Art tips for August 13-19 | WBEZ
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Art tips for August 13-19

Beauty Queens in the Bud Billiken Parade circa 1973 (John H. White/Calumet 412)

Bud Billiken’s come and gone, the aisles of school supplies are looking picked over and many store mannequins are sporting fall colors. Where ya going summer? Still, there's plenty of culture in and outdoors to enjoy this week.

1. Matt Ulery has gotten some rave reviews for his double disc By A Little Light. Thursday the bassist will bring an expanded ensemble to perform in Millennium Park, as part of the Made in Chicago: World Class Jazz series. The album is what sounds like an impossible blend of musical styles and periods, from classical Romantic composers (which seem to be having a moment – here’s another musician re-working the Romantics) to minimalist American music and Eastern European folk.  Everything I’ve heard on the album has the air of a movie soundtrack, another source of inspiration from Ulery. If you prefer your music indoors, Ulery will also play the Green Mill (Monday) and the Jazz Showcase (Wednesday) before Thursday’s show at the Pritzker Pavilion.

2. Staying with our light in August theme, a remarkable film plays Thursday at Doc Films at the University of Chicago. Let There Be Light is the final of three war documentaries made by John Houston, consists mainly of a series of unscripted interviews with soldiers being treated at a military hospital in Long Island, New York. All of them are suffering from psychological wounds (we call it PTSD, those soldiers were considered “nervously wounded,” or suffering from “shell shock”). Houston’s film was put together with the help of screenwriter Charles Kaufmann and the great cinematographer Stanley Cortez (among other cinematic accomplishments, Cortez is responsible for the incredible photography of The Night of the Hunter).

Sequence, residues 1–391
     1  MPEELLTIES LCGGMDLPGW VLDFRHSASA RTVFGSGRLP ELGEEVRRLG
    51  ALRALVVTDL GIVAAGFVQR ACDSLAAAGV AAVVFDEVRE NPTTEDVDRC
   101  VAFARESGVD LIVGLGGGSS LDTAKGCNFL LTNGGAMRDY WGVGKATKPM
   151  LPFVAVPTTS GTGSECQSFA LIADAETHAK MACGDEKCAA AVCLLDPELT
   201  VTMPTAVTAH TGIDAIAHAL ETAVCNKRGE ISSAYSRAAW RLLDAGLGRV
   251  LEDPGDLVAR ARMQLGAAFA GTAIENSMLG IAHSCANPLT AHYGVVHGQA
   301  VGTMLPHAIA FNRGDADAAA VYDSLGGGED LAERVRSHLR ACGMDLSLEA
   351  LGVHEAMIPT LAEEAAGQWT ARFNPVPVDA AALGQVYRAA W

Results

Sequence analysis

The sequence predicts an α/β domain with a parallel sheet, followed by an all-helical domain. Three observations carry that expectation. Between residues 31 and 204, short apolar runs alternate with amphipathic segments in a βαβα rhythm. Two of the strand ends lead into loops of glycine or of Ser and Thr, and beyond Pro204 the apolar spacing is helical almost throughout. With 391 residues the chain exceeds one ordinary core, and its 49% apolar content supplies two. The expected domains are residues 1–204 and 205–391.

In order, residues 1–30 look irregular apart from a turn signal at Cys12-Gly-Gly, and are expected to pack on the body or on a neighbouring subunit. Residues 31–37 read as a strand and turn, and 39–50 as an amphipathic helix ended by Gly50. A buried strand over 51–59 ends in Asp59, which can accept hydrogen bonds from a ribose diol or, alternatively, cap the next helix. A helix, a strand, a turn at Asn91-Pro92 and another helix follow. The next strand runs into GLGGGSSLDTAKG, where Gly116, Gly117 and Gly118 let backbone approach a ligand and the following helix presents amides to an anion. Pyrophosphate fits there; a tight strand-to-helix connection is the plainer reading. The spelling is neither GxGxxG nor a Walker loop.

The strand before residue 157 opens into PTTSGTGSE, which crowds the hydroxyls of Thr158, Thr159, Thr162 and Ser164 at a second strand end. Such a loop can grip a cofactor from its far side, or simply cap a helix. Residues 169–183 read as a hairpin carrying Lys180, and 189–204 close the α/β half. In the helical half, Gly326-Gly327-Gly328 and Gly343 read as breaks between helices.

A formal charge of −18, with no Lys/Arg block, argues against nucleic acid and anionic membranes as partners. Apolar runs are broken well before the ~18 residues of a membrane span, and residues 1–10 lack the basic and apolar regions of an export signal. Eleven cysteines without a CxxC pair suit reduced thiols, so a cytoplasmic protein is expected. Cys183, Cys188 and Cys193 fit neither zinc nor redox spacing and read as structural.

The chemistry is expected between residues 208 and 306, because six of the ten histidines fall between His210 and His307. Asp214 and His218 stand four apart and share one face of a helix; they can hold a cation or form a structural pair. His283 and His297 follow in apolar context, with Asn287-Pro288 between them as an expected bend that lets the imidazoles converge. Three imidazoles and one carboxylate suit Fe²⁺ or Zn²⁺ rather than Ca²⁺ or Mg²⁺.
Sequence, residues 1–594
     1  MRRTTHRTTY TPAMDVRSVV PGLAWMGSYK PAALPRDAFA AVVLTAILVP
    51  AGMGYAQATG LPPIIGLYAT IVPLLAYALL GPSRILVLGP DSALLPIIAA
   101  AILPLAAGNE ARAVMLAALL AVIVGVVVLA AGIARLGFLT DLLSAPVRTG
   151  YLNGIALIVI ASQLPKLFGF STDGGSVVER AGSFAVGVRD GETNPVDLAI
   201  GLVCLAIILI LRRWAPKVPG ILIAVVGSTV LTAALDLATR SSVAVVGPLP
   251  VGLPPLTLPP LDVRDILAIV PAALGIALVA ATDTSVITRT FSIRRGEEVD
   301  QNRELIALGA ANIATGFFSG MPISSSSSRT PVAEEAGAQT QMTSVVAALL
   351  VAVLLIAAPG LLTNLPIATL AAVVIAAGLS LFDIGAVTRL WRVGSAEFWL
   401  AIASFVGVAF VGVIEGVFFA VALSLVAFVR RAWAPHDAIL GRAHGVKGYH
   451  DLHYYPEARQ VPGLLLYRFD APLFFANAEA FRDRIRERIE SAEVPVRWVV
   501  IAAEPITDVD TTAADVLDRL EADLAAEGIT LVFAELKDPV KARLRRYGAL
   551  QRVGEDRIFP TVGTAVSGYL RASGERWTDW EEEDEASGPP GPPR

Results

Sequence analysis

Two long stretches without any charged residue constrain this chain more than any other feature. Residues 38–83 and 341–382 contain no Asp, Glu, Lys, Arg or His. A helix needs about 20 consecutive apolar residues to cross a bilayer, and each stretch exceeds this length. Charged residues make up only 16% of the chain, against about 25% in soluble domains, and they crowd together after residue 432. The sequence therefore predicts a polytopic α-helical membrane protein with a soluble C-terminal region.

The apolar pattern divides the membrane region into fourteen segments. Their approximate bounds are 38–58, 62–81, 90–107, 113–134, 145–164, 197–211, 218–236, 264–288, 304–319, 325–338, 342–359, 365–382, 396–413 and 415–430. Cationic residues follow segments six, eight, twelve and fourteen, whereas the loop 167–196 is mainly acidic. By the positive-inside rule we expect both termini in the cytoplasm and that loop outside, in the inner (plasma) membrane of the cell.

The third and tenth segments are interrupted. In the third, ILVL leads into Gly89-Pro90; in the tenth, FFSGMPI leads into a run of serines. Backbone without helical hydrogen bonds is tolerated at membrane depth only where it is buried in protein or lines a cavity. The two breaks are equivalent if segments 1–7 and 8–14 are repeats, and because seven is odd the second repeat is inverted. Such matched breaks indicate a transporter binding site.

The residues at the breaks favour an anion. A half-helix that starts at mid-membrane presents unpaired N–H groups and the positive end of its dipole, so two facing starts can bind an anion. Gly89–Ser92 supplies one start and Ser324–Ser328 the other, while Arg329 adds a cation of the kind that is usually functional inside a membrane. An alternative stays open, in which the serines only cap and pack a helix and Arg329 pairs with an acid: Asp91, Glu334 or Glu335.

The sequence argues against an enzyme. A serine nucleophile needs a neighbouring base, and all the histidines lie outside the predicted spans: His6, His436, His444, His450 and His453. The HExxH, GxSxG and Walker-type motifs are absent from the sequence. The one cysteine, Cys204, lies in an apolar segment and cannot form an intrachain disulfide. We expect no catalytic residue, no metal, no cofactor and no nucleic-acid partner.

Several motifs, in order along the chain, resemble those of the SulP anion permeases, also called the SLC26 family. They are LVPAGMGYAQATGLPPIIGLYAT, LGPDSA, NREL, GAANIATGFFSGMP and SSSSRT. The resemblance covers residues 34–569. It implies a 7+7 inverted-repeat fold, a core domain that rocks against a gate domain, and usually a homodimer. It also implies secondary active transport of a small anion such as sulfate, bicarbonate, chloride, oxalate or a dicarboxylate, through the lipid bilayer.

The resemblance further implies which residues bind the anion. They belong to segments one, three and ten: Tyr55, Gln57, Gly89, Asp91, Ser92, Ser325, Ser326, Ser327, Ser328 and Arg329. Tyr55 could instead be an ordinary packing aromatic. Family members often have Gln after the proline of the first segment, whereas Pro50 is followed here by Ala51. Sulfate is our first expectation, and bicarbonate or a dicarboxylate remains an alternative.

Censored until 1980, Let There Be Light circulated in degraded form (a 16 mm copy of the original 35 mm print, with a distorted soundtrack) until its recent restoration by the National Film Preservation Foundation. You can also watch it online at the NFPF site until August 31st. While there, I encourage you to take a look at The Reawakening, a 1919 film about the rehabilitation of World War I veterans at Fort Sheridan hospital north of Chicago.

3. There’s a film connection at the South Shore Summer Festival, a one-day celebration this coming Saturday. Cuba Gooding Sr., father of the movie star, will appear along with his band The Main Ingredient. Their big hit is “Everybody Plays the Fool” which aptly sums up some of the more unfortunate turns of his son’s career (he got a better gig in the recent Red Tails). Also appearing, Chico DeBarge, younger brother of the 80s-era DeBarge musical-siblings clan.

4. Just like white shoes and seersucker, art deserves a summer airing, which seems to be the logic behind a couple of current shows. Both Northwestern University and the Art Institute of Chicago decided to pull some treasures out of their respective vaults, which means you’ll get a rare opportunity to see some cool works on paper.

Art on Paper: Prints, Drawings and Photographs from the Block Museum is up at Northwestern University's Block Museum through August 26th, and includes work by Andy Warhol, Robert Mappelthorpe and Laura Letinsky of the University of Chicago.

Rarely Seen Works on Paper at the The Art Institute of Chicago includes a gorgeous collage by Romare Bearden, Martin Kippenberger’s sketches on various hotel stationery, and work by UIC art professor Julia Fish. The show runs through next January. But if you go this Thursday after work, stick around for PechaKucha, which takes place in the Modern Wing from 6-8 p.m. Crafty creative types will share their mindsets – in the classic '20 slides at 20 seconds per frame' format of PK.

5. Everyone is analyzing the fiscal and intellectual priorities (and the connections therein) of the GOP’s just named candidate for Vice President, Paul Ryan. Ryan has both claimed and renounced the writings of objectivist philosopher and uber-capitalist Ayn Rand, particularly as detailed in her book Atlas Shrugged. The novel is epic and all I remember from my college days read are the plentiful odes to the beauty of roadside billboards. But the fervor also reminded me of another “randian”: local celebrity chef and self-made man Charlie Trotter. Trotter will shutter his remaining restaurants at the end of August to embark on a master’s degree in philosophy and political theory. Not sure whether Rand will be a major part of studies, which at last word he’ll undertake at Northwestern University.

6. Just as funeral arrangements were being announced for legendary music producer Carl Davis, along comes word of the death of another great Chicago musical light. Condolences to the family of the great jazz tenor saxaphonist, Von Freeman.

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